but I was thinking about religion
An updated Religious Landscape Study by Pew Research came out in May. According to a summary on the Pew web site, the big news is the continued growth of “Nones” (people who don’t identify themselves with any particular religion) and the decline of Christians.
The report is based on 2014 data and is compared with the previous 2007 data. (See table.) The percentage of the American adult population describing themselves as either atheist, agnostic, or unaffiliated rose from 16.1% to 22.8%, while the number identifying as Christian fell from 78.4% to 70.6%. Non-Christian religions grew from 4.7% to 5.9%, with Muslims (0.4% to 0.9%) and Hindus (0.4% to 0.7%) responsible for most of that increase.
That’s the kind of change I’d expect to see in a generation, not in seven years.
All major Christian groups declined (see graph to the right), but mainline Protestants and Catholics took the worst of it, with evangelical Protestants growing in number but still shrinking as a percentage of the population.
The composition of the Nones changed as well, as they shifted in a more radical direction. The percentage of atheists nearly doubled (1.6% to 3.1%), and agnostics were also up sharply (2.4% to 4%). Most of the Nones continue to describe themselves as “nothing in particular”, but within that group there was a shift towards those who said religion wasn’t important to them (as opposed to what I think of as the “spiritual but not religious” people).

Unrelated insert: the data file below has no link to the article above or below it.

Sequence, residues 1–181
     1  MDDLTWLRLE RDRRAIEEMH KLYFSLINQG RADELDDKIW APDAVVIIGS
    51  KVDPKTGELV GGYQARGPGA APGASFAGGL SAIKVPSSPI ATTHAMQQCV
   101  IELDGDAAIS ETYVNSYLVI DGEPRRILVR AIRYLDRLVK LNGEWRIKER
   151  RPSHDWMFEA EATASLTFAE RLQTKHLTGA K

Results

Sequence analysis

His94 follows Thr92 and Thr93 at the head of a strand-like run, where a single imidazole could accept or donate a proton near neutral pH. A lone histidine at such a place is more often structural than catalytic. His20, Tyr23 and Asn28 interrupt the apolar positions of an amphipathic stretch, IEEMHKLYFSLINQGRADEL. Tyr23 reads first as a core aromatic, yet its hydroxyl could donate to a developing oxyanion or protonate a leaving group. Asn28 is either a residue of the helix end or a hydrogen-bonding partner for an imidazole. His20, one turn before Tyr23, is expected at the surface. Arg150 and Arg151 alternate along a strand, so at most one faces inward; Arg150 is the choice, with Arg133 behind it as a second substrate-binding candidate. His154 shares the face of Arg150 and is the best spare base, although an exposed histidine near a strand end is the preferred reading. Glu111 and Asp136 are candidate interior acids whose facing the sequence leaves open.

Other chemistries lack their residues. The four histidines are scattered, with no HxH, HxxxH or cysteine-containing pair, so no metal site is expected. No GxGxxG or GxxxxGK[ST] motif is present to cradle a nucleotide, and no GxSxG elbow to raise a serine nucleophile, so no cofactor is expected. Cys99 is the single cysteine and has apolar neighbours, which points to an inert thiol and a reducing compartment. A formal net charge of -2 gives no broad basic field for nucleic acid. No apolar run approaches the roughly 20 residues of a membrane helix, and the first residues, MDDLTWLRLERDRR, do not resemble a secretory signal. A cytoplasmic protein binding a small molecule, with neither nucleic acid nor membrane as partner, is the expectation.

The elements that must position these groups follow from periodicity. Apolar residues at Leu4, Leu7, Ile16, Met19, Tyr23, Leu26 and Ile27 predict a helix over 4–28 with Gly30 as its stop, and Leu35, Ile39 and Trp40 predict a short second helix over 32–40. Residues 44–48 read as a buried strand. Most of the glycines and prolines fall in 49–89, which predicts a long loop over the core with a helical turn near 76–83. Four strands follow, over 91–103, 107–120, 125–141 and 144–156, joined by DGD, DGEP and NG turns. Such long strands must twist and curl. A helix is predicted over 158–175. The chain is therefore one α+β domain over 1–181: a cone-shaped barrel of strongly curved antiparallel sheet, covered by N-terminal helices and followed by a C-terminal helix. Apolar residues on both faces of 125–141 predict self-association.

As a group, the Nones are young and getting younger. Their median age declined from 38 to 36, compared to the median American adult age of 46. Among adults age 18-29, 36% are Nones compared to 56% Christian.
This is a political blog, so think about the politics of these numbers. Howard Dean took a lot of heat back in 2005 when he described Republicans as “pretty much a white Christian party“. But if you listen to the current crop of Republican presidential candidates, a lot of them really aren’t even talking to you if you’re not a white Christian. (Watch Ted Cruz’ announcement speech at Liberty University.) A lot has been made of the steady decline of whites as a percentage of the electorate, and what that means for the Republican strategy, but Christians are declining even faster.
Given that, what to make of this poll of Republicans from February? The headline was about their presidential preferences, but Question 17 was: “Would you support or oppose establishing Christianity as the national religion?” Support: 57%. Oppose: 30%. Not sure: 13%.